Indians Are Still Here: Three Things to Do If You Care About Equity and Social Justice
By Michael E. Bird (Kewa Pueblo/Ohkay Owingeh Pueblo) | November 8, 2018
National Consultant on Native American/Alaskan Native Communities, AARP
A lot of good people are working on issues of equity and social justice. I’m happy to see that, and I’m grateful for the work. If you are one of them, I also have a challenge for you—one that probably won’t be comfortable. I’m asking you to do three things.
1. Look at Your Own Organization and Ask, “Who’s Not Here?”
American Indians are often made to feel invisible by the larger culture. Part of this marginalization process has to do with our absence from leadership roles in organizations focused on the common good. Most people reading this post will not be able to find Native Americans, Alaska Natives or Native Hawaiians on their boards, no matter how diverse those boards are.
AARP, where I’m currently consulting, has never had a Native person on their board. Given their operating values and principles, this is surprising and disappointing. They’re certainly not alone, of course—take a look at Raymond Foxworth’s recent column in Nonprofit Quarterly that addresses myths about Native Americans in the philanthropy sector.
We’re seeing an increase in diverse leadership in nonprofits in some ways—for example, 42% of executive directors are women. But 87% of EDs or presidents are still white. Only 6% of leadership is African American; 4% is Hispanic/Latinx and 3% is Asian. And Native Americans in leadership? It is difficult to find any organizations led by American Indians that aren’t specifically focused on the Native Community.
This is not an inclusive diversity.
So where are the Native Americans? “Well,” I’ve been told, “there really aren’t enough of you.” When I hear this, I sometimes ask, “Do you want to have the conversation about why there aren’t enough of us?” Usually, people don’t know our history—the largely untold story of the genocide, removal and assimilation policies of the U.S. government. So I will simply say that this is not an acceptable justification for the lack of Native presence in organizations.
I think the most important reason that Indians are not visibly present in organizations is because people are uninformed. Many people simply don’t recognize that Native people are still here, and that we have meaningful contributions to make.
2. Look at the Community You Serve and Ask, “Who’s Not Here?”
If you’re working on diversity, inclusion, social justice and equity, you’ve got to care about health equity. If you care about health equity, you’ll want to consider whether you are providing support and services to the Indian community. Native Americans have had the longest-standing health inequities in the history of this nation, and also the largest. These disparities continue in full force—see Annie Belcourt’s description of current disparities and their impact on her own life.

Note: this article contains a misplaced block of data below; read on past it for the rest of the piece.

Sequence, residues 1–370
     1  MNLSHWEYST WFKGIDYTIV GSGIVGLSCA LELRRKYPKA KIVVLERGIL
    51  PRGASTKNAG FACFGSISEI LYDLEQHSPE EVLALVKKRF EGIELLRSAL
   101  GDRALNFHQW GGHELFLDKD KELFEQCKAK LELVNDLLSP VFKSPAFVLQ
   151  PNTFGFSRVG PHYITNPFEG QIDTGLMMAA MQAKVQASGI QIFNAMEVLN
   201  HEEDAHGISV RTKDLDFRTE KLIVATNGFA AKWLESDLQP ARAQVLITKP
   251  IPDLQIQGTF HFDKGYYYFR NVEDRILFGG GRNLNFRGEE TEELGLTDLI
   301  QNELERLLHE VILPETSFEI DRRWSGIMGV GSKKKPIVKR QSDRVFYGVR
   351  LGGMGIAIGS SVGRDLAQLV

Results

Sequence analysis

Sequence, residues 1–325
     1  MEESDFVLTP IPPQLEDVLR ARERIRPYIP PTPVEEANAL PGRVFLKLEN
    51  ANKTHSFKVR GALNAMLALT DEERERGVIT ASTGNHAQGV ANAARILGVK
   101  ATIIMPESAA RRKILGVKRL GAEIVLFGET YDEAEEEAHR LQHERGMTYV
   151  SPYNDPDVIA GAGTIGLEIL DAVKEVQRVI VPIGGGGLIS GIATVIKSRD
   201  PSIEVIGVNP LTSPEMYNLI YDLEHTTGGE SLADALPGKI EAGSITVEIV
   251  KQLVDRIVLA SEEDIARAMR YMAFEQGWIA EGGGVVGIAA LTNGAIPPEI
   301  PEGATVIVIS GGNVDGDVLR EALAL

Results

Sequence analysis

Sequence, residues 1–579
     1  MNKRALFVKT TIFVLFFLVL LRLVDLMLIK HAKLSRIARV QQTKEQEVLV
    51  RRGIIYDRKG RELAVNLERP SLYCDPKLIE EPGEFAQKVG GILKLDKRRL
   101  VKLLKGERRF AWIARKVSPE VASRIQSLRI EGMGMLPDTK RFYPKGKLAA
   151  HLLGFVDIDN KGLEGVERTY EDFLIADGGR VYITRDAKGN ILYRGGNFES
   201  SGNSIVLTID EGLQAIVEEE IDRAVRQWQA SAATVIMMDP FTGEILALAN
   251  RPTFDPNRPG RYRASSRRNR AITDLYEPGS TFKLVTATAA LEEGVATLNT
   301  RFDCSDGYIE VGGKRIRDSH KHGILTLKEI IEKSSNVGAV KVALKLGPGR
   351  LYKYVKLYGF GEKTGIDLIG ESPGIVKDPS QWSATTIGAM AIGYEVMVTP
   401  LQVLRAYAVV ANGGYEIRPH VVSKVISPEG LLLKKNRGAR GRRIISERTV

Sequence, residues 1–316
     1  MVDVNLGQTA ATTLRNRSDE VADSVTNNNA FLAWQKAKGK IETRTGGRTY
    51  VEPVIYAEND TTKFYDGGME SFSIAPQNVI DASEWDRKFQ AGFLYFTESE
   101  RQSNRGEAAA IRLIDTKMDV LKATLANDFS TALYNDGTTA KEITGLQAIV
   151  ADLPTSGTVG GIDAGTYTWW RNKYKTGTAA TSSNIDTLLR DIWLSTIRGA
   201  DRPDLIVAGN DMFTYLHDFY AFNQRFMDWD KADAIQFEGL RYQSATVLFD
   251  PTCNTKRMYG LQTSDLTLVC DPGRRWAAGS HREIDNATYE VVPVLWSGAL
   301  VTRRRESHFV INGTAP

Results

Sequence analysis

This highlights one of the great contradictions—and powerful myths—that affect Indian people today. Indians have a political relationship with the federal government. It’s not about ethnicity. It goes back through history, to our treaties with the United States government. Our tribes gave up land and resources. In exchange, the government was to provide certain services and guarantees of safety. This included services provided by the Indian Health Service (IHS)—an agency that has been sorely inadequate in addressing Native health needs and eliminating health disparities. It has never been more than 50% funded.
Many non-Native Americans believe that Native health care needs are fully covered by the IHS. They think Natives are essentially receiving free handouts from the government and now are all wealthy because of gaming revenue. Even people working in the nonprofit sector often believe Natives receive so much government support they do not need additional services. Their organizations focus their limited resources on other communities’ needs.
So let me say clearly that the Indians in your communities do need programs and services. They are not equitably resourced by the IHS or other government services. Over 200 years ago, the people of this nation made a promise to its Native peoples. Those tribes are still waiting for full funding for health care. They are waiting for equity in education. They are waiting for equity in opportunity.
We can all advocate for full funding for IHS. Until that comes through, however, reassess your commitment to serving Natives in your community.
3. Initiate a Conversation
The first step in broadening services and leadership representation involves having a conversation with representatives of your local Native community. You need to find people who have credibility in those communities and initiate a conversation.